In support of her position, appellant cites the case of DeUprey v. DeUprey, 27 Cal. 329, 335, 87 Am.Dec. 81, which holds that ‘Any question affecting the right of the plaintiff to a partition, or the rights of each and all of the parties in the land may be put in issue, tried and determined in such action.’
In the cited case, Elizabeth DeUprey commenced her action for partition against Samuel DeUprey, alone, alleging that he was a cotenant and owned an undivided half of the premises. After demurrer to the complaint was overruled, plaintiff was permitted to bring in the wife of defendant by a supplemental complaint. By her answer to such supplemental complaint, Mary Ann DeUprey ‘not only claimed a homestead right to the premises, but claimed that the entire legal estate was in her, and the Court found that the legal title to an undivided half was in her.’ In other words, the rights of the several parties, plaintiff as well as defendant, were put in issue by the pleadings. Therefore, the trial court had jurisdiction in the partition action to determine such respective rights. See section 759, Code of Civil Procedure.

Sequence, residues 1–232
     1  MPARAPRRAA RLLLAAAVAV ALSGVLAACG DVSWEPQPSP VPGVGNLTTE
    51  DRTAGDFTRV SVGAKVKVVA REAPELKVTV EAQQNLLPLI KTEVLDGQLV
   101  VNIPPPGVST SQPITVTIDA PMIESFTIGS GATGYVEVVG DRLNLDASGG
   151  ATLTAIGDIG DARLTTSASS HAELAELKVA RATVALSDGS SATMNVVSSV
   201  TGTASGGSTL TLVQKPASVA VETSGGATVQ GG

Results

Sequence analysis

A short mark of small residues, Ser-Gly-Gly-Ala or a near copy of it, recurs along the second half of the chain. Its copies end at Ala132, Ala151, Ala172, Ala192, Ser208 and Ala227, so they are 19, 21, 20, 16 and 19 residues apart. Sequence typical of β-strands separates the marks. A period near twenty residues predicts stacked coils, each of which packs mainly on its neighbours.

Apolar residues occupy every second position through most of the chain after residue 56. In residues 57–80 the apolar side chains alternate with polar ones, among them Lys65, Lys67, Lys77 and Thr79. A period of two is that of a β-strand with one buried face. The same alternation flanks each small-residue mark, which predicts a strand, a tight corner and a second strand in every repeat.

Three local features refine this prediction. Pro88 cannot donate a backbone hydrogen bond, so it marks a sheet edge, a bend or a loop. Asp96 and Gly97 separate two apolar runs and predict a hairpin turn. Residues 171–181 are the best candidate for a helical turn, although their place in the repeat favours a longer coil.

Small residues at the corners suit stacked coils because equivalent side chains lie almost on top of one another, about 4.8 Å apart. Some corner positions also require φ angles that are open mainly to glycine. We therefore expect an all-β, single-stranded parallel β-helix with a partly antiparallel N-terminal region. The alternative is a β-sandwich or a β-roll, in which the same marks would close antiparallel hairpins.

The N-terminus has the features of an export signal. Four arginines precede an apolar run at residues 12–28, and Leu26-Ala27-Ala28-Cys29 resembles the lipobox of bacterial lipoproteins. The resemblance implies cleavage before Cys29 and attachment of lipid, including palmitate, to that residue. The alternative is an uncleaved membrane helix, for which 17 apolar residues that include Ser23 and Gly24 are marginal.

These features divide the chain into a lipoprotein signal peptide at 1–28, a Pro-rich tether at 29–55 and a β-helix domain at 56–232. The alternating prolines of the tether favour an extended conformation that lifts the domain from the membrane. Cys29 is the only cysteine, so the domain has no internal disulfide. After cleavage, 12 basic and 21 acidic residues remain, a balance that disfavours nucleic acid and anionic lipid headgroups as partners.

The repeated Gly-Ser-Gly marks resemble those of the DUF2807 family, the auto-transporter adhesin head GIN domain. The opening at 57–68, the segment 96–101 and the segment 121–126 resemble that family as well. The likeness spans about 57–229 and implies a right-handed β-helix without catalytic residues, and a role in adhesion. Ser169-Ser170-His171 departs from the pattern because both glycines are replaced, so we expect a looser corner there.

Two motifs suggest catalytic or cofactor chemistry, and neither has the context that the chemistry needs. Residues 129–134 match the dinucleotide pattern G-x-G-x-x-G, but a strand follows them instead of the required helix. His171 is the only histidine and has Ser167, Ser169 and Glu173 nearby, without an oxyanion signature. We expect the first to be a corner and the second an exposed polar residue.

Apropos is the case of Livermore v. Webb, 56 Cal. 489. That was an action in partition, the complaint therein alleging that plaintiffs and defendants were owners of land as tenants in common. The court adjudged that defendant Webb was the sole owner in fee of all the lands described in the complaint and that neither the plaintiffs nor any of the other defendants had any estate, right, title or interest in the land. The other defendants appealed from the judgment on the ground that the court's finding was against the record because defendant Webb admitted that he was a tenant in common with the plaintiffs and the defendant Livermore.
In affirming the judgment the court commented that the record disclosed an amended answer had been filed in the case alleging the exclusive ownership of Webb.
In the cause under review, the pleadings are insufficient to raise the issue of sole ownership; hence the finding to that effect was erroneous.
The order granting motion for new trial is affirmed.
WHITE, P. J., and DORAN, J., concur.